https://giadavalenti.com/italy-trip-2020 for info, dates and price. The trip is organized by Perillo Tour. 
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www.giadavalenti.com
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Tuesday, January 29, 2019

The epicenter of Venice



A few months and it will be May and I will traveling with a group of fans ad friends to my beautiful Venice. It will be so special to take all of them to visit the places I grow up and the places I love. We will have so much fun eating at my favorite places, enjoying wine tasting, cooking classes and I will serenade them with two intimate concerts one in Verona and one in Venice. 
I like to share the beauty of my hometown and today I want to share some info about Piazza San Marco, or Saint Mark's Square in Venice, for sure the the epicenter of Venice. 
Piazza San Marco, or Saint Mark's Square, is the largest and most important square in Venice. Being the widest swath of flat, open land in the water-bound city, it has long been a popular meeting place for Venetians and visitors. The Piazza's rectangle design was once a showcase for the city's aristocracy and is most impressive from its sea approach – a reminder of Venice's centuries-old legacy as a powerful maritime republic.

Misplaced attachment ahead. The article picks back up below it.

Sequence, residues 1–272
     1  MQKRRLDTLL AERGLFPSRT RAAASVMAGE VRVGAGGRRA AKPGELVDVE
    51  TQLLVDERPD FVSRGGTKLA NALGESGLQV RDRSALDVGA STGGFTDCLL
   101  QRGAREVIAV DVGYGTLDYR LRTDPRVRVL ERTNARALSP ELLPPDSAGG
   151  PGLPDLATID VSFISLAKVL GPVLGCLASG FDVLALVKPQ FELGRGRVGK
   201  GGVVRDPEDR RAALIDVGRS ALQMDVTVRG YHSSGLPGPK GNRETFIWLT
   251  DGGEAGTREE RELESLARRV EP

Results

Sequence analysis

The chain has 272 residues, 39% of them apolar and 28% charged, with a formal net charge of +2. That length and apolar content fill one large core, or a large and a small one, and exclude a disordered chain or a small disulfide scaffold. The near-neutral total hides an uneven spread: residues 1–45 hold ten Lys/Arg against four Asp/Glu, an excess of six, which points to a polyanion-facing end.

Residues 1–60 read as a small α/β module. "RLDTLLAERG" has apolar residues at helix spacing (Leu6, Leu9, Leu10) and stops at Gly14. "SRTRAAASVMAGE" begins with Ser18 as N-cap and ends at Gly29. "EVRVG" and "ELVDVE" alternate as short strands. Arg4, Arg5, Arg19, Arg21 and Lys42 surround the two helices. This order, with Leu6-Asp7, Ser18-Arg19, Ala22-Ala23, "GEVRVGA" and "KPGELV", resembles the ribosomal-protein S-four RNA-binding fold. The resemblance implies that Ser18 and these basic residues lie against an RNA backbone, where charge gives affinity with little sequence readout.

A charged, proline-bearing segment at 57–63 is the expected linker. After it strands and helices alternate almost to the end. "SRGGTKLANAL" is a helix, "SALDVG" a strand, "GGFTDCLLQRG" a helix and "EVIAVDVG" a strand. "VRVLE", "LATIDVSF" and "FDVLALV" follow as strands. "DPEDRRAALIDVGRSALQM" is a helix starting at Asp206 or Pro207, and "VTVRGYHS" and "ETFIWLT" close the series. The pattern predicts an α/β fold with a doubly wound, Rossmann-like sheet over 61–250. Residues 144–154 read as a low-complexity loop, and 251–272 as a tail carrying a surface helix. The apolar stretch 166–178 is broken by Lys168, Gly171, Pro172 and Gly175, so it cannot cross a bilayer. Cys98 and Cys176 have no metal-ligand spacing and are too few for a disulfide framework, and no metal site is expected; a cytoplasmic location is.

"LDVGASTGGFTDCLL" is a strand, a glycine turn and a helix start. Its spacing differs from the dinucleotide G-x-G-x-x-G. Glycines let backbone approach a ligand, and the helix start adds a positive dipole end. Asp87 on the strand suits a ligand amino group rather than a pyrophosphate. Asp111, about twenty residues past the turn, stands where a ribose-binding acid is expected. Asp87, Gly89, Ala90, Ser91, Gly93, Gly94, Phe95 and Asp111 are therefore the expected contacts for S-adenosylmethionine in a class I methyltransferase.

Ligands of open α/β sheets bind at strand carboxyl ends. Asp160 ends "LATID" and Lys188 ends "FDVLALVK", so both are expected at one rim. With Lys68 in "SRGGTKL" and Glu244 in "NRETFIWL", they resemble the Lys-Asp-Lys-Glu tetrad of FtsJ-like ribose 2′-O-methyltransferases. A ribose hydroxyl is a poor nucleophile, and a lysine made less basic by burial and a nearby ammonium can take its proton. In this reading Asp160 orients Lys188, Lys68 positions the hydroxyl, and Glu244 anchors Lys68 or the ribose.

Called "the drawing room of Europe", a quote attributed to Napoleon, Saint Mark's Square was named after the unusual and stunning Basilica of the same name that dominates the east end of the square. The slender Campanile di San Marco, the Basilica's bell tower, is one of the square's most recognizable landmarks.

History of Saint Mark's Square

Constructed in the 9th century in front of Saint Mark's Basilica and the adjacent Doge's Palace, the square was enlarged in the 12th century after a canal and dock were filled in. The campanile (bell tower) was rebuilt three times—the latest version was finished in 1912. In the 16th century, during the sack of Rome, Jacopo Sansovino fled to Venice and constructed the lovely Loggetta del Sansovino, used as a council waiting room for the Doge's Palace. The Piazza was once paved with bricks in a unique herringbone pattern. But in 1735, the terracotta blocks were replaced with natural stone.
On the waterfront, the paved areas, known as La Piazzetta (little square) and Molo (jetty), are overseen by two 12th-century columns. Atop each is a statue of Venice's two patron saints: Saint Mark in the form of a winged lion, and Saint Teodoro (Theodore).

What to See and Do in Piazza San Marco

Being Saint Mark's Square the epicenter of Venice – almost everything in the city revolves around it.
In the summertime, the square is teeming with tourists, but fall and spring see somewhat fewer crowds. Winter, although wet and cold, can be very romantic and ethereal.
No matter what time of year you visit, here are some things to do and see on Venice's Saint Mark's Square.